CARLISLE United manager Steven Pressley accused referee Nicholas Kinseley of showing no levels of composure in the seconds that followed Canice Carroll’s challenge on Jordan Lyden, which saw the former Town man sent off.

Carroll lunged two-footed at Lyden in a dangerous attempt to win possession after a high ball deflected off Keshi Anderson’s knee while under pressure from Nathaniel Knight-Percival.

Lyden immediately clutched his leg in pain following the challenge, while Carroll was shown red less than six seconds after the foul was committed.

The second half incident disgraced Town defender Mathieu Baudry and forward Anderson, who both rushed over to make their feelings known to Carroll – who had only been on the pitch for 24 minutes.

While not disagreeing with Kinseley’s decision to award Carroll a red card, the United boss said Saturday’s official should have consulted those around him and his linesman before making the call.

Pressley said: “I said to the referee after the game, the one thing a referee has to do is be calm and take stock – and he didn’t do that.

“He ran immediately across and couldn’t get the red card out of his pocket quick enough, and I don’t think that’s good refereeing.

“I think you have to manage the situation by consulting your linesman and consulting those around you to make sure you get the right call.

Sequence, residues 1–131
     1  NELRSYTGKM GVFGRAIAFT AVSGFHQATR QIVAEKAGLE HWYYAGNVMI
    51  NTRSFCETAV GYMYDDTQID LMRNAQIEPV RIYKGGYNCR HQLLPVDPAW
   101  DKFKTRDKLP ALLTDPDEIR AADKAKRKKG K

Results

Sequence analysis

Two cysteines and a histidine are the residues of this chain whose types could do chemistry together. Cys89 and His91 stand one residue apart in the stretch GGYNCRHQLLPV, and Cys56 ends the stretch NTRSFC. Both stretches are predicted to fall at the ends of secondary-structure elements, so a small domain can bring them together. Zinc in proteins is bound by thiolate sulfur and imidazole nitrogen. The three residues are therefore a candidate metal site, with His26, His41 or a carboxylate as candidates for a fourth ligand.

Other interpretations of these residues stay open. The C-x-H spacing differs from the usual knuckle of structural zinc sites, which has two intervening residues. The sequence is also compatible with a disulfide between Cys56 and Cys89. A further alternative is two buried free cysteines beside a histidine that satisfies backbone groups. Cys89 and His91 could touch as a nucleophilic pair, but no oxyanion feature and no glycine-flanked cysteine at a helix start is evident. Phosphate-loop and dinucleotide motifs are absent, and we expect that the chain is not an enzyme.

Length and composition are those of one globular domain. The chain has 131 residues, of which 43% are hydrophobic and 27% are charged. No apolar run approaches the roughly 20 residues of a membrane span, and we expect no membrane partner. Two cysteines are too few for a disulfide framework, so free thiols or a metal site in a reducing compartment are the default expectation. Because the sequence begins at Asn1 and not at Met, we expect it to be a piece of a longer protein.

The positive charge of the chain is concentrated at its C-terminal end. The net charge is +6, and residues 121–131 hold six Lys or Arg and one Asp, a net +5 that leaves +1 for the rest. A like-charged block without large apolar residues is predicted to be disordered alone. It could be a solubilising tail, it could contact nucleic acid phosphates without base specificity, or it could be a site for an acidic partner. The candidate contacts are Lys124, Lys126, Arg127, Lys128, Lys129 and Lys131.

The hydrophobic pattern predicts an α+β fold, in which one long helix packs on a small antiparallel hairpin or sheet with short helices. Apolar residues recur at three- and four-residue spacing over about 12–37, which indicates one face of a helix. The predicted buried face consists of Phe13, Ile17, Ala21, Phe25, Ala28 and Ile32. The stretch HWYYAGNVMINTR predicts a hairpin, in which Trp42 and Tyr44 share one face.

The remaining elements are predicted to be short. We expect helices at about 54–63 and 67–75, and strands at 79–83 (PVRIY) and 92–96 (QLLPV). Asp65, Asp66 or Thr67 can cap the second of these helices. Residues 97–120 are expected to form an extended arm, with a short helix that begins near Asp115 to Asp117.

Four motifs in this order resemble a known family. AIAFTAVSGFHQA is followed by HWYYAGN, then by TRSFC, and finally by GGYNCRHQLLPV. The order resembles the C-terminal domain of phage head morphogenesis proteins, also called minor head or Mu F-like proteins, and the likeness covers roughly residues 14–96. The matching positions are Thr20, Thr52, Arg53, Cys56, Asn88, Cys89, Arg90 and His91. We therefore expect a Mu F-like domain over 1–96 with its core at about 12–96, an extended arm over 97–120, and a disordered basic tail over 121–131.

“Whether it was the right call or not, I’m not saying. But I don’t think he showed any level of composure.”

The Wiltshire Gazette and Herald:

While unhappy with Carroll’s challenge, Town boss Richie Wellens made it clear that the 20-year-old’s lunge on Lyden would in no way have been executed with the intent of causing injury.

Carroll was part of Wellens’ squad from January until the conclusion of last season having joined on loan from Brentford.

He became a first-team regular, playing 17 times and scoring once while receiving five yellow cards.

Wellens said: “I’ve worked with Canice, the challenge wouldn’t have been pre-meditated and there wouldn’t be any true intent to hurt the player.

“Sometimes he sees the ball and he goes in full-blooded. It’s lucky Jordan Lyden’s feet weren’t planted into the ground.

“Canice is a young boy, he’s 20 and he’ll learn from it. I know what he’s like – there would’ve been no intentions.”